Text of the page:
Two stories this week in Haaretz, the Israeli daily, make this clear. The first story recounts an interview Abbas gave Israeli TV, and notes that “Abbas said he hopes to get Arab League approval for indirect talks on May 1.” The second story recycles an item from the newspaper Al-Watan in Damascus, and begins this way: “The Arab League is expected to reject the Obama administration's proposal to begin indirect Middle East peace negotiations in the coming weeks, sources from the 22-state body told Syria's Al-Watan daily on Tuesday. The League's Monitoring Committee for the Arab Peace Initiative is scheduled to meet on Saturday to vote on the proposal, and Palestinian Authority President Mahmoud Abbas is unlikely to accept any offer for peace talks that does not meet the panel's approval.”The implications of these 2 stories will directly impact the Middle East "peace process"--by cutting it off at the knees:
First, Abbas is now refusing to make any decision about peace, instead deferring to Arab states. With all the talk about the critical importance of Palestinian independence, this is a giant--even historic--step backwards. His motivations are not complex: He wants to avoid Palestinian and wider Arab criticism. As long as he follows Arab League strictures he will. But the price paid is hugely reduced flexibility, and a return to the days when the Palestinians were under the control of Arab states rather than masters of their own future.The second implication is important because it may explain why the Obama administration is so eager to send an ambassador to Syria when there is such a long history of failed attempts at diplomacy:
Second, putting the Arab League in charge magnifies the influence of bad actors. To get negotiations going, the Obama administration now has to convince not only Abbas, but Bashar al Assad. Perhaps this helps explain why George Mitchell has visited Damascus and why the administration persists in “outreach” to Syria despite its continuing evil conduct (most recently, reports of the shipment of Scud missiles to Hezbollah). Having committed itself to the “peace process,” the administration simply cannot afford to treat Syria as it deserves; Syria has too much clout now.Of course, the question arises as to how we came to such a situation and who is to responsible for the continued weakening of Abbas and strengthening of countries like Syria.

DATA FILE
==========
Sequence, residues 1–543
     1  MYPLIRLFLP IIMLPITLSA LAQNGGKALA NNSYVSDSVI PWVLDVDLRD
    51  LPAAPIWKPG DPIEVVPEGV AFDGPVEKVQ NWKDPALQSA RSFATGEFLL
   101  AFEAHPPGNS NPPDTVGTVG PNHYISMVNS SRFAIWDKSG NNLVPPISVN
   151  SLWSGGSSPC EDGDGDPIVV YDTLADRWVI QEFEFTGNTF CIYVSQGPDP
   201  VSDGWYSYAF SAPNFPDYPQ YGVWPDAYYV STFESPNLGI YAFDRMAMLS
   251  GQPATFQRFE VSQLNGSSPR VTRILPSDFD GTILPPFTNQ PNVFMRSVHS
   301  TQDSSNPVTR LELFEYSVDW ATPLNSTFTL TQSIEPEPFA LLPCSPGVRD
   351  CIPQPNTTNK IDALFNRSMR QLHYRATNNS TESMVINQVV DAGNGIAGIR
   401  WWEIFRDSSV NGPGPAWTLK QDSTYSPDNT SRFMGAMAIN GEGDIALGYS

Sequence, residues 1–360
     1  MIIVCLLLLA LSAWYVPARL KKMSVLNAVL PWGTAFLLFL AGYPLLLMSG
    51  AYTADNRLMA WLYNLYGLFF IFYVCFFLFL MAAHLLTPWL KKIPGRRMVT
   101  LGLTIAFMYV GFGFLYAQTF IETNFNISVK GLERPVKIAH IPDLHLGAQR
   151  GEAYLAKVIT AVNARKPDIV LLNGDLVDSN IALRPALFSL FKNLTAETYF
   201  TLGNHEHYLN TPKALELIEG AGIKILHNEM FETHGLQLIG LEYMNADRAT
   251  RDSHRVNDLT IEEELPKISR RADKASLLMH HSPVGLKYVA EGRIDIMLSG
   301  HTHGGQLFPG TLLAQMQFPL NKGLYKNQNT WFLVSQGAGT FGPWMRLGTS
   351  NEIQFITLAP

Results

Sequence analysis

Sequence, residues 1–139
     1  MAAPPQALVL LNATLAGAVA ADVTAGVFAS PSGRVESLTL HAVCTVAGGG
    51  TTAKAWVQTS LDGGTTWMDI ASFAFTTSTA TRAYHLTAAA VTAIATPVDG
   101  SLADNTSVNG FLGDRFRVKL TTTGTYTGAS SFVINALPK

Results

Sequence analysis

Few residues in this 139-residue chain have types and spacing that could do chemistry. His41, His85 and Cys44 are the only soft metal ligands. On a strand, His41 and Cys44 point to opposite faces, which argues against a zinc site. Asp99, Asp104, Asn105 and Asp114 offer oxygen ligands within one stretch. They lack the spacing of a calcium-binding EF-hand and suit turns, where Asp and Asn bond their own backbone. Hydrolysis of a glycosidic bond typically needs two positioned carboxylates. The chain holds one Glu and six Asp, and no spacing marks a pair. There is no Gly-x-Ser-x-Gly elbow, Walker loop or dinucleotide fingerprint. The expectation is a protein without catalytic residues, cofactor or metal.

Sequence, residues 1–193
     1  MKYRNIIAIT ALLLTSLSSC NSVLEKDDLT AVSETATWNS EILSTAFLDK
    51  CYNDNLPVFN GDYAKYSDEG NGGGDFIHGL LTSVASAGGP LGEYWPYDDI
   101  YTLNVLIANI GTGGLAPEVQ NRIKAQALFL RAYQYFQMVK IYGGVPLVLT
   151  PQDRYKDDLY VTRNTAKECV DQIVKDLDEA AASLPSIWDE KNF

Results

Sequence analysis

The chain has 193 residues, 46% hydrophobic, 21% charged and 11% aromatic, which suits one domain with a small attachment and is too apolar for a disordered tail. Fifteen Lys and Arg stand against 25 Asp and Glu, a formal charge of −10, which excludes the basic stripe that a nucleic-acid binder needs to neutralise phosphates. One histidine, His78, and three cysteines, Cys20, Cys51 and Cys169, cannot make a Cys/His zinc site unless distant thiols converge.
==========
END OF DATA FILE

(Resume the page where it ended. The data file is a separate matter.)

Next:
According to Abrams:
Abbas certainly bears great responsibility for this development, but one can’t hold George Mitchell and Obama policy harmless. Fifteen months of Obama diplomacy have not only badly damaged U.S.-Israel relations and produced no peace talks, they have also undermined Palestinian autonomy. It is a keen measure of the fall of American influence in the region when a Palestinian leader responds to intense American pressure to go to the negotiating table by waiting to see if Arab League foreign ministers will let him take that step.Of course, one could point out that Arafat too was unable to give President Clinton what he wanted because Arafat lacked the backing of the Arab countries.
By the same token, successfully created the myth of a Palestinian people. Can anyone list Abbas's accomplishments?
Technorati Tag: Obama and Syria and Abbas.